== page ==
With the start of broadcasting in the early 1920s, Rounds output became prodigious. He designed the London broadcasting station 2LO, which became the BBCs first transmitter, was partly responsible for the Sykes-Round microphone and produced systems for electrical gramophone recording and sound-on-film. He had already been made head of the Marconi research group. In 1931 he resigned from the company to become a consultant but never entirely severed his connection. In the last war he worked for the Admiralty on anti-submarine devices.
Round was one of the last survivors of the era of the individualistic inventor, as opposed to the team. He was fortunate in that fate led him into his chosen field at a time when it was wide open to his considerable talents. These he exercised with untiring energy and almost boyish enthusiasm to the end. H F S
It is perhaps fortunate that H J Round was born to flourish in a previous engineering era for he was far too much of an individualist to have fitted comfortably into the disciplines of a large electronics research laboratory of today. Round was an originator; a man who teemed with ideas and was wont to pursue them with a sublime disregard for protocol which, even in his own period did nothing to endear him to his Head Office. His energy was tremendous.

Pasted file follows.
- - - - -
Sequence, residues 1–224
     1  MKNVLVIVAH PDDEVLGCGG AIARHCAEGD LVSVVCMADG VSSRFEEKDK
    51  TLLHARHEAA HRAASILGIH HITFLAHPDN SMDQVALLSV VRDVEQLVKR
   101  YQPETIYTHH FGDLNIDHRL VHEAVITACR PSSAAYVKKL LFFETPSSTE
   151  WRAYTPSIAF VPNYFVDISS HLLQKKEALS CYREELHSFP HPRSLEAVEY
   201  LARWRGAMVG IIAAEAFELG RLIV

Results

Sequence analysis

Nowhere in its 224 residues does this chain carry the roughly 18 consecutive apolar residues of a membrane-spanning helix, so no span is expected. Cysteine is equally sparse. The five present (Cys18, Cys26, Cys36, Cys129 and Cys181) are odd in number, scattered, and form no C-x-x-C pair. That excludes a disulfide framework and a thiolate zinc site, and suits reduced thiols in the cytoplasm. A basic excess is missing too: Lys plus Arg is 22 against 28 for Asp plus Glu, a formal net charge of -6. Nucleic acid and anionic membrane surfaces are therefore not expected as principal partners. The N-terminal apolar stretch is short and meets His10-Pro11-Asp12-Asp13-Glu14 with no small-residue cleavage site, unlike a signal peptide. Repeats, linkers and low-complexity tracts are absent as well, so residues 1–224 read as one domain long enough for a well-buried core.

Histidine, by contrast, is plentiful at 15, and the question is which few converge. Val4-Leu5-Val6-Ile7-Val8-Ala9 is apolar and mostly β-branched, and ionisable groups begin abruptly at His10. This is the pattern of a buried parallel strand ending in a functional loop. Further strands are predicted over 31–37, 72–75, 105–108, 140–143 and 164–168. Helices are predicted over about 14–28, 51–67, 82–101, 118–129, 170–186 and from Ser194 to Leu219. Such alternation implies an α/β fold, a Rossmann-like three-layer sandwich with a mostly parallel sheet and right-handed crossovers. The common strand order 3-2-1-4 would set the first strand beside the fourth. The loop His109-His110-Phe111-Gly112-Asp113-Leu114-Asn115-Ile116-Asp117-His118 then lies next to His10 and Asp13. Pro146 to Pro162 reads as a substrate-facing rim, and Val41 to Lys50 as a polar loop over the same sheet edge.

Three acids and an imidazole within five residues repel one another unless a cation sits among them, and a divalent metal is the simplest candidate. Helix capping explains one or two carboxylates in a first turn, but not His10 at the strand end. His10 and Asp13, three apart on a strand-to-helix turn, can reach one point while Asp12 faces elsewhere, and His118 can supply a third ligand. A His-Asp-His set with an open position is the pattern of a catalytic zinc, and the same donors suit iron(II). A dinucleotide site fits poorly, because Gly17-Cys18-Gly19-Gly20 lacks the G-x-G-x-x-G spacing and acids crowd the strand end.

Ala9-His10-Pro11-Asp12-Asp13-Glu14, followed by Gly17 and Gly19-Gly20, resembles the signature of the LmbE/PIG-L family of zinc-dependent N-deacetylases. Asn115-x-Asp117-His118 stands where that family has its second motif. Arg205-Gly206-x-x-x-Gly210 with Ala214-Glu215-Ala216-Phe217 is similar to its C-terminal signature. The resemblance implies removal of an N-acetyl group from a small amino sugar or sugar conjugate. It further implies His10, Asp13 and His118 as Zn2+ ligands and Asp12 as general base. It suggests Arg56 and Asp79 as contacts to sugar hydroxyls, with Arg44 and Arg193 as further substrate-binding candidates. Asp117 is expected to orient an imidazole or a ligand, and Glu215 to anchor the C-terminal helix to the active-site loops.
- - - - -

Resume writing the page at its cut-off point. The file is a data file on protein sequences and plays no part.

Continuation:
His big chance came when Guglielmo Marconi selected him as one of his personal assistants, for as such he became one of a small corps elite which, in between special assignments, were permitted considerable individual freedom of choice in research work. To the wisdom of this policy Rounds 117 patent applications bear tribute.
Those who were junior engineers under 'H J' in his hey-day recall him as one who did not suffer fools gladly. Nevertheless an honest try by a subordinate was always rewarded with kindly encouragement and constructive criticism.